Rarely do I consider my wheelchair an object which gives me a certain level of privilege and I’m not referring the kinds of things a lot of able people see as privileges like being first to board a plane. I’m talking about the kind of privilege that people refer to when they address white privlage or socio-economic privlage. Believe it or not there is a certain privlage that comes with being visibly disabled. Surprised? Me too.
Tennessee holds its annual Renaissance Faire every weekend of May. This year was the first chance I had to go in years plus there was the added bonus of getting to go with a childhood friend who offered to drive us out there as a birthday present before she moved out of state.Dear Friend struggles with mental health issues and has a service dog to help her deal with them. Dear Friend is also not noticeably disabled other than her mental health. The employees and actors of the Tennessee Ren Faire were wonderfully kind to both of us as far as I saw. Many folks went out of their way to ask if Gideon had enough water which was a good thing because somehow extra water didn’t make it into the day pack. (Bad SD partner bad) It wasn’t until driving home and talking with Dear Friend that I realized she had spent a good portion of the time we weren’t together being hassled because other visitors to the Faire assumed that she didn’t need a service dog and that K* was just a pet she snuck past in spite of the clearly stated no pets policy.
DF and I have known each other since she and my sister started the eighth grade together. Her issues are just as real and ever present as mine are even though people who do not know her as well as my family does may not see them at all. To those people who would demand proof of a psychiatric disability from a complete stranger I have more than a few things to say. The first one is how dare you? You have no idea the kind of road a person has to travel to feel up to doing whatever “normal person” thing you happen to encounter them doing that day. My friend and I plan this particular trip for weeks in part because she has difficulty in crowds. She did it because it was something important to me. She probably knew that some ignorant fellow patron would gripe that she didn’t “look” disabled and it wasn’t fair that she got to bring her dog while a complete stranger was so inconvenienced because they had to leave their dog (who has probably never been in a crowd half as large and therefore would have very likely been freaking out anyway) at home. The second thing I have to say is that disability whether it be physical or cognitive or psychiatric has no particular look. In that way disabilities are similar to chess, there are an infinite number of chess games. For every disability with a label there are an infinite number of permutations for how that disability may manifest. I know of some people who are obviously disabled but whose doctors cannot find a label which includes all their idiosyncratic difficulties and therefore they’re given only the vaguest terms like “motor delay” or “dysfunction” or “brain injury”. I know other people who have multiple diagnoses to describe their difficulties each including at least two three syllable words.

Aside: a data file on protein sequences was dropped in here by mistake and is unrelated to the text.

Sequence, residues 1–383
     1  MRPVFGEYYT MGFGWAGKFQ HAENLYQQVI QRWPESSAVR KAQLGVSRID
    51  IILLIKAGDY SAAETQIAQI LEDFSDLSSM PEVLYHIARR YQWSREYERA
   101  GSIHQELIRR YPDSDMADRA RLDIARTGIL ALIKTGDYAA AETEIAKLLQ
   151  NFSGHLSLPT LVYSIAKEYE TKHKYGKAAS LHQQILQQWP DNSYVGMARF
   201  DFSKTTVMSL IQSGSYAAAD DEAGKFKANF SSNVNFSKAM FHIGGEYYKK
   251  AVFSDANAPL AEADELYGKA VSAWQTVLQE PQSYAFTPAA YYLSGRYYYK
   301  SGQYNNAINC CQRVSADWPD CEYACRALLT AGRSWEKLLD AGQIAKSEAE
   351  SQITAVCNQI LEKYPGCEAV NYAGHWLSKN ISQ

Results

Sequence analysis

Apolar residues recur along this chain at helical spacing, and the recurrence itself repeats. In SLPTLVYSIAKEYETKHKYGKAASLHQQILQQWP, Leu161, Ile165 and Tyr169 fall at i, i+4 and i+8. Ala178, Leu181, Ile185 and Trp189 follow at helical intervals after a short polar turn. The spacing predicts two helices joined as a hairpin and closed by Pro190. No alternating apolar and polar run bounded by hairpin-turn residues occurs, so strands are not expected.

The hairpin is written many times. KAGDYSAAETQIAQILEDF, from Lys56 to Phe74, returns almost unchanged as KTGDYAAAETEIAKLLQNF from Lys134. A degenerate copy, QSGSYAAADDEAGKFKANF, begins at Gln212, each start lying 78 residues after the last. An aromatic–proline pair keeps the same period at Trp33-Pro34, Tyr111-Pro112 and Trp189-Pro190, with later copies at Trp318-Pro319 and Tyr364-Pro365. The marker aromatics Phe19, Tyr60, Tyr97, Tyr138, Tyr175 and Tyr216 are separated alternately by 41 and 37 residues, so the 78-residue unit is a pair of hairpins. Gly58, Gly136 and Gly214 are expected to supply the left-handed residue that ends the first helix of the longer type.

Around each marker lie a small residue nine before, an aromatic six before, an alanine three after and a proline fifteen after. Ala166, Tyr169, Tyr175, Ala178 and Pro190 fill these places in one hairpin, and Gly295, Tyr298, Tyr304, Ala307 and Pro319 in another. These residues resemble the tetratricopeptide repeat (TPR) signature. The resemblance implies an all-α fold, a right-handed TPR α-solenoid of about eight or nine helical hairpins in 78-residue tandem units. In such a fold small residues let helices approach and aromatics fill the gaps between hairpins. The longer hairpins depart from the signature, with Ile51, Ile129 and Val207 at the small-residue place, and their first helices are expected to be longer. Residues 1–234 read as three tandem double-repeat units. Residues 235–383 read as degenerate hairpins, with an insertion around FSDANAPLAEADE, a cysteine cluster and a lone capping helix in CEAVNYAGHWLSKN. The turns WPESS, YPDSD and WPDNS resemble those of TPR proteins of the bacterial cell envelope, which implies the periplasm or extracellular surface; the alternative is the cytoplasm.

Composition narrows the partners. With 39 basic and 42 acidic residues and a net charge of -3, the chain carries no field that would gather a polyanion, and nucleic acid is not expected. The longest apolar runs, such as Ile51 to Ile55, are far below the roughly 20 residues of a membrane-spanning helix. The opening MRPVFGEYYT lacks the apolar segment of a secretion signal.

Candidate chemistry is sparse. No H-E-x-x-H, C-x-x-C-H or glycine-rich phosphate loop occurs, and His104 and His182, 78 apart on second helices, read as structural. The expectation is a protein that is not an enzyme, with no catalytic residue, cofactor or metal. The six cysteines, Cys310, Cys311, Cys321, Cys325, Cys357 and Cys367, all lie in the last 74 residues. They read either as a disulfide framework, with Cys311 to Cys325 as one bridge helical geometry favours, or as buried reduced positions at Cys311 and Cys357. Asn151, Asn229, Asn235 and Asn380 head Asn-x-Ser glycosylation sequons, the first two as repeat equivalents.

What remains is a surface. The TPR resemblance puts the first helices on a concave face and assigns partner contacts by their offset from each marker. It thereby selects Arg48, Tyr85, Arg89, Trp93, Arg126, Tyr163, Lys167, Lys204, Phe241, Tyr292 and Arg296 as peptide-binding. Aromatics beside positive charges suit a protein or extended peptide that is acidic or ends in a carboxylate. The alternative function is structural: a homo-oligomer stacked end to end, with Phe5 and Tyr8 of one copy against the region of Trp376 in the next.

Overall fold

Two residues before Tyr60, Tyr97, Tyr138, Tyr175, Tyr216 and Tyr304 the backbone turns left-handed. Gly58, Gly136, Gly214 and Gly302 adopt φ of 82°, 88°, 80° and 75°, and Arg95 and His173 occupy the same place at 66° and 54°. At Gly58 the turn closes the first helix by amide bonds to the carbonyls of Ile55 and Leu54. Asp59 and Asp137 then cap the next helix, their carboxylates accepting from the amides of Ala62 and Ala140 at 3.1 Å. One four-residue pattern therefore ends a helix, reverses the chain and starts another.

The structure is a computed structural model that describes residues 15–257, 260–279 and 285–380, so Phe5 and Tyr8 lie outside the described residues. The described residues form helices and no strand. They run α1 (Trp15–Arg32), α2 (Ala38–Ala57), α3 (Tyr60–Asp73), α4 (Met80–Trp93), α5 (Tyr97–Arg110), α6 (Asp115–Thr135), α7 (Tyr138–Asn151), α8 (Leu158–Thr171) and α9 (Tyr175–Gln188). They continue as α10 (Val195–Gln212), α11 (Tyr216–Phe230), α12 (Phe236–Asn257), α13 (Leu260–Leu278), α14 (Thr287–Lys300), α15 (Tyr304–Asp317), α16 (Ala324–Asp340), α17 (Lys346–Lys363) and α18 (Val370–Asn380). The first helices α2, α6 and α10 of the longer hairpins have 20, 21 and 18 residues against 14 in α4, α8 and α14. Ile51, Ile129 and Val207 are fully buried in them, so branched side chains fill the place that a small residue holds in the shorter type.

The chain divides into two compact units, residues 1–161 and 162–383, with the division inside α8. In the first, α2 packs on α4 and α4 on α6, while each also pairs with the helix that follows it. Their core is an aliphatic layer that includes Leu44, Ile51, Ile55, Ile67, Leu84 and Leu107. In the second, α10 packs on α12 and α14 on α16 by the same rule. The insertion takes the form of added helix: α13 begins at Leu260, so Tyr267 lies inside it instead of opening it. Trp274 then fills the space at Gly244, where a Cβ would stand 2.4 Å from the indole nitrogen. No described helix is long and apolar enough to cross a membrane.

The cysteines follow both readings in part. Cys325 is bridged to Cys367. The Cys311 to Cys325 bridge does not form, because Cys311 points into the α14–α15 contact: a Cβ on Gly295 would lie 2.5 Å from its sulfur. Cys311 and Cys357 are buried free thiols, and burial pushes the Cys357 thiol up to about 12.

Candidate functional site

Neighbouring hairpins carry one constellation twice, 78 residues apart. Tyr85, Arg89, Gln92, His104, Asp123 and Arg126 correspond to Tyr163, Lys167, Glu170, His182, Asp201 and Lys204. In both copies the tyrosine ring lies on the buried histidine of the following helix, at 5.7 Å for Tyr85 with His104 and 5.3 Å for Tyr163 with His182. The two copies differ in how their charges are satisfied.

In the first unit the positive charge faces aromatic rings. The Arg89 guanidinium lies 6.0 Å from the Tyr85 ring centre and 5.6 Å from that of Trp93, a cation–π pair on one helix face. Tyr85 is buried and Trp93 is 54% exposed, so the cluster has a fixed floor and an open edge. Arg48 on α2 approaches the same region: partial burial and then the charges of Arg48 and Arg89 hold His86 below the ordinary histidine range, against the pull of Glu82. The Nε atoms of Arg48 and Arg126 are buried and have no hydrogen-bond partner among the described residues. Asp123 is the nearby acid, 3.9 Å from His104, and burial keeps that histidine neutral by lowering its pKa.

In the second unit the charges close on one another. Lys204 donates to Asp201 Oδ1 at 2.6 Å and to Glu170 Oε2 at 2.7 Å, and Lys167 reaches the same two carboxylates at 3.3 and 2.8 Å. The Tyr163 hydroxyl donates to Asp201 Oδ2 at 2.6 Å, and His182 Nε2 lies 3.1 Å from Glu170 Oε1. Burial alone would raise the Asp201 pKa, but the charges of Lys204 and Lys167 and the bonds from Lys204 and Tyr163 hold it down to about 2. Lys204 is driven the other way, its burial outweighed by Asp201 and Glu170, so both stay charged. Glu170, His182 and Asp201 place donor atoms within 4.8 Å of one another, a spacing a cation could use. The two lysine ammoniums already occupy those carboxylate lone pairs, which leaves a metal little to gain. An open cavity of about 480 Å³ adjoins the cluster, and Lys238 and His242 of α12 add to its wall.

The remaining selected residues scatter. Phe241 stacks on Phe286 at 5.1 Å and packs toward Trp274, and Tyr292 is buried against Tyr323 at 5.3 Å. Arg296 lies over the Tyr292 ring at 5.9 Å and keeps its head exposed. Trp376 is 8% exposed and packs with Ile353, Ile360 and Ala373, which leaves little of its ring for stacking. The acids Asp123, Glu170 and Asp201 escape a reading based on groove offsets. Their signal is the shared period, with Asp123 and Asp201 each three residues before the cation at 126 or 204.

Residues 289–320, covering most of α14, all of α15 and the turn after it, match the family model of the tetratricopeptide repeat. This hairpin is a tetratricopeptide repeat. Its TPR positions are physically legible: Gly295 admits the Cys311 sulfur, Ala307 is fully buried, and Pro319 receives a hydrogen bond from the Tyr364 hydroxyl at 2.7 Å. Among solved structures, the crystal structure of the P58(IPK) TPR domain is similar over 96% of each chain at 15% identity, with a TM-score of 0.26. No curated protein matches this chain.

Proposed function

The third thing I would like to say to people who demand proof of a stranger’s disability you be careful what you ask for because you just might get it. My personal disability is fairly straight forward I was born two months and 10 days premature at a hospital that isn’t much more than glorified Band-Aid station. They had no neonatal intensive care unit to speak of and so I had to be transported to Dallas which was two hours away. Whenever anyone asks I say it was oxygen deprivation which caused my brain damage but in truth nobody is quite certain whether it was oxygen deprivation or too much oxygen during the ambulance ride which caused the brain damage which resulted in my disability. The point I am trying to illustrate by telling you that story is that each persons disability and the back story for it are extremely personal things which some people are more comfortable sharing then others. I have been in public speaking situations about my disability several times in my life so for me personally sharing isn’t a problem. I can talk for several hours and you can ask pretty much any question you could possibly think of and so long as you were asking it from a place of genuine curiosity and an effort to understand and not some sense of voyeuristic entitlement that makes me think you believe I owe you the answer, I will answer with as much detail as I can muster, which in some cases maybe way more then you expected. Every person with a disability is an individual and it should not be assumed that they are comfortable with being an open book.
Author’s Note: Dear Friend is used in place of the person’s name. K is the first of her dogs name.